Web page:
BRADENTON -- Six rows of Orange Ridge-Bullock Elementary fourth-graders spilled out of their chairs Friday morning as they excitedly waited to learn who among them would win free laptop computers as a prize for quality work in a writing contest.
"Settle down, you guys are getting rowdy," a teacher said, halfheartedly. But how could they settle down when local author Zoe Bowie was preparing to present eight laptops to a lucky few?
Bowie, author of the children's book "My Father, My Son," has visited fourth-grade classrooms to teach creative writing for the past three months. She'd promised two computers per class to students that best incorporated her lessons in an essay contest about a character that could change the world.
"After talking to these kids, I came to the understanding that they
didn't have computers," said Bowie, who had expressed a desire to become involved with the elementary school students to Principal Doug DuPouy earlier this year. "I just felt it was a calling."
DuPouy said Bowie worked with students on staying on topic and character development, and that the contest was primarily judged by Bowie.
"You have been inspired by your teachers and Ms. Bowie to do your best each and every day in writing," he told students Friday, as he held up a homemade book of student stories and flowers that would be presented to Bowie.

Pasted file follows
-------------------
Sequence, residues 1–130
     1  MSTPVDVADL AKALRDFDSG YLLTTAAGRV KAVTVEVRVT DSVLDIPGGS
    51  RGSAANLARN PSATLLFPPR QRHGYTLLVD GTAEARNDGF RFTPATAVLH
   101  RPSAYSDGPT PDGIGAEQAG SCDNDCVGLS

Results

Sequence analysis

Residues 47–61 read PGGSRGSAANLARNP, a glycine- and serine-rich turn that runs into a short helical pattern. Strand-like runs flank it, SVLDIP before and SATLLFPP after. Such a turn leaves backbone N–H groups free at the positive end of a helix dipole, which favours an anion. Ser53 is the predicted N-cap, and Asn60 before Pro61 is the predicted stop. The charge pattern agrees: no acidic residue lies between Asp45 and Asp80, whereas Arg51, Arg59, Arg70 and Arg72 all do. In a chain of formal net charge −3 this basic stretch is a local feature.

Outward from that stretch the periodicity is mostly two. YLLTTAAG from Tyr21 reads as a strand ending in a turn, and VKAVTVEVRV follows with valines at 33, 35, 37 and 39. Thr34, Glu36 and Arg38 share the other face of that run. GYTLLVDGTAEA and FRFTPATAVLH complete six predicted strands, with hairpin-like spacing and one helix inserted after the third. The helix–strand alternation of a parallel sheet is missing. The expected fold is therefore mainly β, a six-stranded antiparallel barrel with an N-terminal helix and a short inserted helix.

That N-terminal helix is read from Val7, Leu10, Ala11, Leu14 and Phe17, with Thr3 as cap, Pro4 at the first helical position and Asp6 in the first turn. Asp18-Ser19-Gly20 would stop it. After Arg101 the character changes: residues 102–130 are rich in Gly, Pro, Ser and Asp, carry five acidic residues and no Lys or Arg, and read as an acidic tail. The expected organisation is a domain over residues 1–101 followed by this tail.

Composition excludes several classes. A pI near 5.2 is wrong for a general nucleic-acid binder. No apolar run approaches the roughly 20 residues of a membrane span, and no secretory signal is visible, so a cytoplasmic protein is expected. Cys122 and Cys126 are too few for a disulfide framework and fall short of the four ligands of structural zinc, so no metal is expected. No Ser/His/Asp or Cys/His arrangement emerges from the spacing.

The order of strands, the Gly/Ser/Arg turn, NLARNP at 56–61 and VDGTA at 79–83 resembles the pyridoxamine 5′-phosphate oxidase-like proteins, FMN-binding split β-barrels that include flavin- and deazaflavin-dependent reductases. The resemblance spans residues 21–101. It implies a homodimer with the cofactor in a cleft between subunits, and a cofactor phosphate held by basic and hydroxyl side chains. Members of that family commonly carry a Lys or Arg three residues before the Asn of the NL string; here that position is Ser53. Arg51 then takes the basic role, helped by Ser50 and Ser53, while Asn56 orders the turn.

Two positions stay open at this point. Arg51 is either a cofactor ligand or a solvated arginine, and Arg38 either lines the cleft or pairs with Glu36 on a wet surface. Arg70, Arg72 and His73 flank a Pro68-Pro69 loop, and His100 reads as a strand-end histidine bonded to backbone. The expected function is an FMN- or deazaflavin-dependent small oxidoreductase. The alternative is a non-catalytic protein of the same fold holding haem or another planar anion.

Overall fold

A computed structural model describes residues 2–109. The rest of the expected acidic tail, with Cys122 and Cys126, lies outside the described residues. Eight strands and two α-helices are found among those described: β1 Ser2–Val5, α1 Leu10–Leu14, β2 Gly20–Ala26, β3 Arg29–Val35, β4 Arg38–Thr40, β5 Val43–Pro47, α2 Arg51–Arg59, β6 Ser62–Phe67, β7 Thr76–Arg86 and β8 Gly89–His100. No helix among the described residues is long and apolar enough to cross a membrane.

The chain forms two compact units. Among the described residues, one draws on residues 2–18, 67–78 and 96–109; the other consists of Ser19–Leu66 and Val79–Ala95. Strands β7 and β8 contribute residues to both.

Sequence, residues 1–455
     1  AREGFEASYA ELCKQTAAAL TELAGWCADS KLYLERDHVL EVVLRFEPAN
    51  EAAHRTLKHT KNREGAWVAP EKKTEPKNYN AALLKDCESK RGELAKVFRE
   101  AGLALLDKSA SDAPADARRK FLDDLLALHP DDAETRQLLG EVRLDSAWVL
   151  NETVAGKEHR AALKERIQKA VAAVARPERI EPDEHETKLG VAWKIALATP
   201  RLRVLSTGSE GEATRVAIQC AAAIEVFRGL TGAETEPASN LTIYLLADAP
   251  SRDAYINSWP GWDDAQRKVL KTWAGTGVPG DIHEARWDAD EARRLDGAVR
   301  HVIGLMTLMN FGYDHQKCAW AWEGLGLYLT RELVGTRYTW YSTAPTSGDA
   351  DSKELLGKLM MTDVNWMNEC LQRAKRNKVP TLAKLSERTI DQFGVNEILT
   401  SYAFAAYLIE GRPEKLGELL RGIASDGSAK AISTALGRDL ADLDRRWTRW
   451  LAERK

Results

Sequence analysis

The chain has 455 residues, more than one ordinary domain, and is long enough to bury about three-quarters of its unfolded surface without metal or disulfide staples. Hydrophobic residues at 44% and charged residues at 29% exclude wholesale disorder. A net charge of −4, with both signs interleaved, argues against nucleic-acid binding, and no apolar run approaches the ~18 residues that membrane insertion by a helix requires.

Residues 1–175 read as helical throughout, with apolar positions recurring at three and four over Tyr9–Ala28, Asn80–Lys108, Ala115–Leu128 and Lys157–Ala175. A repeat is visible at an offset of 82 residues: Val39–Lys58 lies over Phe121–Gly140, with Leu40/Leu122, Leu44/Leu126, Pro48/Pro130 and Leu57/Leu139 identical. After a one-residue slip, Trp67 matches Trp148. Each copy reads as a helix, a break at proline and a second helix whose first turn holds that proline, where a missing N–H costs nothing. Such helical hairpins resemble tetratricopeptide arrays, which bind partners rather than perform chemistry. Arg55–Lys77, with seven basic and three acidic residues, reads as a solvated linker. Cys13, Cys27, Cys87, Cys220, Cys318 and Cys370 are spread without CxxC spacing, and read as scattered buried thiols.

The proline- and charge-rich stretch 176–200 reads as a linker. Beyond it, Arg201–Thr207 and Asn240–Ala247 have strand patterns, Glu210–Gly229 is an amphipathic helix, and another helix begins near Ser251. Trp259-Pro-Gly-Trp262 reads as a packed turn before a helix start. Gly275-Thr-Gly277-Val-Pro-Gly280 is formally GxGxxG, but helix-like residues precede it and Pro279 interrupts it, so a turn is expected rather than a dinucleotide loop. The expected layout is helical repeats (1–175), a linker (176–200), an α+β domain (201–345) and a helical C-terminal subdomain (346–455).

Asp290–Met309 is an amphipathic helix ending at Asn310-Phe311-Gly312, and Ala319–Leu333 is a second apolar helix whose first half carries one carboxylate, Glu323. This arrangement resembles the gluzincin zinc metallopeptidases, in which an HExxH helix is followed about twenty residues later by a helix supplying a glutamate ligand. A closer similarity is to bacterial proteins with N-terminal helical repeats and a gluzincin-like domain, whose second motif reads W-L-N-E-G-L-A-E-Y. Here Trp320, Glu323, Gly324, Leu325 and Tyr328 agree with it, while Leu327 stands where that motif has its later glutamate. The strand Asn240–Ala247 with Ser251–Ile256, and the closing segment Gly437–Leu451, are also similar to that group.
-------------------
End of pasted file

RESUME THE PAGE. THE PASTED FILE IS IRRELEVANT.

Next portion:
Because Bowie was running a little late, DuPouy presented the laptops to the eight students, one of whom was absent. Students squealed with excitement and faces dropped when their names weren't called. But the winners couldn't keep the smiles off their faces.Winner Jessica Ibarra-Perez, 9, said Friday that she enjoyed Bowie as a teacher."She told us our names were really important, that they have meaning." Ibarra-Perez said. Then she started to describe her story.
"It's about Supergirl, and she helps poor people ..."
Ibarra Perez broke off: "I just don't remember the rest because I'm really excited."Lizbeth Martinez, 10, imagined that Carly, the star of the Nickelodeon show "iCarly," fought cancer for her story. "I'm going to play games on my laptop," she said. "And I'm going to work on my projects for class."
Bowie, who lives across the street from the elementary school on 30th Avenue West, said the idea of the assignment was to get students to look at the world around them and express it creatively through words.
"I wanted them to take a character and learn how to develop it," Bowie said. "Everyone wrote beautifully. I had to put them aside and come back to them to choose."
Other winners Friday included Tamia Sims, Kimberly Maldonado, Danielle Buck-Hallman, Angie Canales, Alicia Soto and Omar Nunez.
Katy Bergen, Herald education reporter, can be reached at 941-745-7081.